Revelation 22:10 (NKJV) And he said to me, “Do not seal the words of the prophecy of this book, for the time is at hand.
Revelation 22:12 (NKJV) “And behold, I am coming quickly, and My reward is with Me, to give to every one according to his work.
Revelation 22:20 (NKJV) He who testifies to these things says, “Surely I am coming quickly.” Amen. Even so, come, Lord Jesus!
Now, let me ask a question? If you picked up the Bible for the first time and read these verses from the Revelation with no preconceived ideas (as Packer suggests), when would you believe the time of the Revelation was to be fulfilled? Do “MUST SHORTLY take place…for the time is NEAR“, seem like references to a 2,000 year period? By the pastor asking rather mockingly, “Do you really believe that“, it’s apparent that he doesn’t believe that Jesus spoke truthfully through the angel. And I find that quite alarming and sad.
Does this not strike at the heart of Biblical inspiration and at the deity of Christ? Remember, in the Revelation Jesus was no longer speaking as a man as He was when He prophesied that His coming would be within a generation (Matthew 24:34). This time, approx 35 years after his “this generation” proclamation, He’s speaking from a position of exaltation at the right hand of the Father. At that point, Jesus clearly knew not only that the “time was near” but He had to have known the exact day and hour of His return.
How far off course have we traveled where the ones reading the literal timing of things to come are the ones who are considered the cult leaders and heretics? When this fellow says, “It’s surely not in the Bible,” I have to wonder what Bible he’s reading. Daniel was exhorted to “seal up the vision” because the things with which he was prophesying were “many days yet to come” (almost 600 years before the time of Christ). Yet, the recipient of the Revelation was told, “Do not seal the words of the prophecy” because “THE TIME IS AT HAND.”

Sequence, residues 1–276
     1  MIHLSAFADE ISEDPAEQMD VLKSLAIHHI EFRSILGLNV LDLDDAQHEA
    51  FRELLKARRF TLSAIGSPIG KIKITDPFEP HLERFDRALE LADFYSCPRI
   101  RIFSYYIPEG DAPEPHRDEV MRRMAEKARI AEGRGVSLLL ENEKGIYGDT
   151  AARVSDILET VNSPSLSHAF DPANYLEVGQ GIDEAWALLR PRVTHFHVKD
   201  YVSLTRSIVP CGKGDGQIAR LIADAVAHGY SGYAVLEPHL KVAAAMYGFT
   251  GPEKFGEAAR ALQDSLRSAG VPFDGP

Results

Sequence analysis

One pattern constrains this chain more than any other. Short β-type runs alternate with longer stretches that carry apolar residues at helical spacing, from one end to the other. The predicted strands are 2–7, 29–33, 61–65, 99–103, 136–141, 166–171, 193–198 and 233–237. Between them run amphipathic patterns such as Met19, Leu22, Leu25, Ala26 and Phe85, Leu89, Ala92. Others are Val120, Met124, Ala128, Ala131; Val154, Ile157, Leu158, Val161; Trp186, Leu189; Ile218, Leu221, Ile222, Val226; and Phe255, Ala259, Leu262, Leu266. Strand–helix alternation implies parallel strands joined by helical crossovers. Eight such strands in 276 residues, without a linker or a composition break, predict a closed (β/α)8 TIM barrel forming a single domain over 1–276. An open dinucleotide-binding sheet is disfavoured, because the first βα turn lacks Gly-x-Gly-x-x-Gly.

I don’t know how the contrast between Daniel and the Revelation could be any greater of an indictment upon the modern day prophecy experts who insist that the Revelation’s prognostications are still future? How can we continue to say that we believe in Biblical inspiration and yet totally disregard the above time statements?
I realize treating these passages literally is not in vogue, but isn’t it time to discard our presuppositions and let the Bible speak for itself? What’s wrong with considering these matters with an open mind, not being ruled by assumptions that may be Biblically unwarranted?
In and of itself, properly interpreting Scripture is a very difficult task. So it seems imperative that we realize how easily we can be fooled. If you were initially amazed by the Copperfield “trick”, it should stand as a lesson regarding presuppositions. You assumed, as I did, that all of the cards in the second set (minus the one we fixed our eyes upon) were different. We were tricked by an incorrect assumption.
And we have assumed, based upon years of sermons, books, and conversations, that the Revelation MUST be entirely in our future. However, if it was written in the first-century, that is simply not a possibility, unless Jesus was intentionally misleading John. And if that was the case, we have far more grievous issues to deal with than eschatology.
Do we have the faith to first believe Jesus and then concern ourselves with the “how can this be true”, later?